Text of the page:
Retail therapy 

A small town welcomes its newest neighbor

It was the first corporate grand opening this valley had ever seen. On Nov. 4, a Family Dollar store opened here in the isolated mountain town of Penasco, N.M., between Taos and Santa Fe. Since the recession hit, the retail chain has expanded rapidly across the West, targeting small, low-income communities with few downtown amenities. From census data to the "closed" signs on local businesses, our town fits the bill.

Still, there are mixed feelings about the new store. Most locals who've been around for at least a few years—give or take a generation or two—admit they'll pick up a few things there, but they worry about what it will mean for the few remaining local businesses that have hung on. Two years ago, on the same lot where Family Dollar's neon sign now hangs, the rear wall of our town grocery store fell down, and up until last year, there were no plans to fix it. It seemed destined to join the many collapsed adobes nearby—the forces of time, gravity and nature all pulling them back to the earth.

About the same time the grocery store went dark, the Conoco station closed and then the longtime managers of a local restaurant packed it in; they said they were too tired and the cost of the lease had become too high. Across the road from that restaurant, the three-story shell of a new home stood abandoned, with large pieces of plywood flapping in the wind. Some out-of-stater's brand-new construction was feeling the downward pull of decay as much as the old adobes.

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The thing is, this valley was already in recession, and has been for some 50 years since agriculture became a less reliable way to make a living. But while the past few years have been rough, it takes a lot to kill a community—especially one that's been around since before the Declaration of Independence. The Catholic church sent off a handful of Spanish families to settle these mountains in the middle of the 1700s, not really expecting them to succeed. But just like the Pueblo people who had already been making homes here in this region for centuries, the Spanish newcomers adapted and survived. More changes have come to this valley since then, including the advent of fences, changes in governments, nationalities and languages, the wholesale theft of land and natural resources, the arrival of cars, roads and the Forest Service, and a series of small invasions by hippies, tourists and Texans, in that order.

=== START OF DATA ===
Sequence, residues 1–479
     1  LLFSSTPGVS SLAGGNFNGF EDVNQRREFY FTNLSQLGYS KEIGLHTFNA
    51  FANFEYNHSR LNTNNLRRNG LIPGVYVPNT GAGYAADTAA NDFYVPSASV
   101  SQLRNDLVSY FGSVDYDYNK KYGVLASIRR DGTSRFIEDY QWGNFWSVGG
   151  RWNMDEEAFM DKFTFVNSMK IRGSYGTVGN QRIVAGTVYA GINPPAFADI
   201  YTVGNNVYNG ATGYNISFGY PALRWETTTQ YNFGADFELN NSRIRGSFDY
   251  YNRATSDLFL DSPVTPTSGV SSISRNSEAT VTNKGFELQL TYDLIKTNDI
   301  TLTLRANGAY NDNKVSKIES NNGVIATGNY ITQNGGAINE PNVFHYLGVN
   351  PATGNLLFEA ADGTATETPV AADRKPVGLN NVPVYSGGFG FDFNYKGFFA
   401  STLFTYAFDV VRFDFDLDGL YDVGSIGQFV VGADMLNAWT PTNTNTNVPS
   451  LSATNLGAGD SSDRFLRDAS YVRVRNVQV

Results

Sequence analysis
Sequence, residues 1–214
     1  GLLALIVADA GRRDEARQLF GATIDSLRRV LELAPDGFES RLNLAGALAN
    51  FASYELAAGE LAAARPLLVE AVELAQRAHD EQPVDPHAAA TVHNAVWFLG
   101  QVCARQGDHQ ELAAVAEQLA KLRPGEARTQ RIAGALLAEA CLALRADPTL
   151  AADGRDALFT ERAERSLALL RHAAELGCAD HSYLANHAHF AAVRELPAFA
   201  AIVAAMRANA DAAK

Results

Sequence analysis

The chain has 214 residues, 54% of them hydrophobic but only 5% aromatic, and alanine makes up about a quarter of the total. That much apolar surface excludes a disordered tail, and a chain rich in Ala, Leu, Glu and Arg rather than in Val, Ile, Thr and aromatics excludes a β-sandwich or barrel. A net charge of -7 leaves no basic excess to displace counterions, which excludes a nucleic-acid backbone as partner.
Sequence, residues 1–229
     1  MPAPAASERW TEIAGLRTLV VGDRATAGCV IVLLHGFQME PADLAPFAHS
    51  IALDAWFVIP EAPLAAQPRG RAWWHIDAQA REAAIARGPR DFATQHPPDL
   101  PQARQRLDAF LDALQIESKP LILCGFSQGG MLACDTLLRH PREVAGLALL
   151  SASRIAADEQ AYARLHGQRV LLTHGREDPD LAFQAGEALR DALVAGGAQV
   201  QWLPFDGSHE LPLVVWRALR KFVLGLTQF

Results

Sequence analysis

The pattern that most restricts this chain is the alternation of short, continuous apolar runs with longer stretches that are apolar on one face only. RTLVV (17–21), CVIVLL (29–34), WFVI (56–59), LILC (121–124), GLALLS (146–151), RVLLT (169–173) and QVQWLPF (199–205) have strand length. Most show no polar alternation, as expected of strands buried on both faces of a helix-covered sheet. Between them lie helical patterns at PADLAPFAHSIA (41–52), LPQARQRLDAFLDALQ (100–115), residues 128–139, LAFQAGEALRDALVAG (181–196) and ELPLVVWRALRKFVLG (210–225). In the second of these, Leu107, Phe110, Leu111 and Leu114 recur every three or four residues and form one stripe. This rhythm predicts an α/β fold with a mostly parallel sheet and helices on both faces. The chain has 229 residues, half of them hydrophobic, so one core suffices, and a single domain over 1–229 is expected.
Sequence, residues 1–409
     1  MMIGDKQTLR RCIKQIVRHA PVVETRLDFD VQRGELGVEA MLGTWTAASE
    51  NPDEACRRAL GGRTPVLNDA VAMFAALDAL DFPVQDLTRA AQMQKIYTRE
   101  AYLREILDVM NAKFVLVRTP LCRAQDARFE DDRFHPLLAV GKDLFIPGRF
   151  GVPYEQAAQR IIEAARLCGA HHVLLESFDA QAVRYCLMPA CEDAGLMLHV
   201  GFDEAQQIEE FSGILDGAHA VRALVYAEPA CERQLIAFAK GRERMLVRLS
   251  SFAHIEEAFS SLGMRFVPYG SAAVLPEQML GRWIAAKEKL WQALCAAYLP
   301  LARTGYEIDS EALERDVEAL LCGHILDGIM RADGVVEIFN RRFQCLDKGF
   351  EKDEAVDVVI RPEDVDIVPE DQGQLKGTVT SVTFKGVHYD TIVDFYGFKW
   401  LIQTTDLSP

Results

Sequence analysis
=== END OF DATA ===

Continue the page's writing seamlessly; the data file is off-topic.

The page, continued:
Each change seemed to threaten this community's survival as the population ebbed and flowed. Invariably, though, the forces that sought to change this place ended up adapting to it; otherwise, they left. These days we sport a hybrid combination of languages that seems to fascinate linguists.

Now, change has come again, almost two years after a globalizing economy caused us to lose our grocery store, the Conoco gas station, an ice cream parlor and a New Mexican restaurant. New management re-opened the restaurant at the end of town, where the red chile is getting better, stimulus funds put people to work on a new Forest Service ranger station, someone finished that three-story eyesore of a home, and then there is the Family Dollar, where everything seems affordable. Its steel structure went up quickly, unlike the months of community labor it took to build the aged adobe theater next door. The store's fresh cement parking lot includes the only proper handicapped parking spots and ramps for miles around.

It's the latest chapter in a long history. The economic forces that most recently threatened to destroy us have come home to roost, and we learn that—of course!—all we really wanted was to go shopping. Most of us will jump at the Family Dollar's bargains while trying to continue to support our local businesses. But I also believe we will approach our new neighbor with a certain amount of skepticism—as has been the custom for most newcomers here for centuries. We just never know how long anyone or anything will last.

Eric Mack is a contributor to Writers on the Range, a service of High Country News (hcn.org). He is a journalist and media strategist living in the Penasco Valley of New Mexico.

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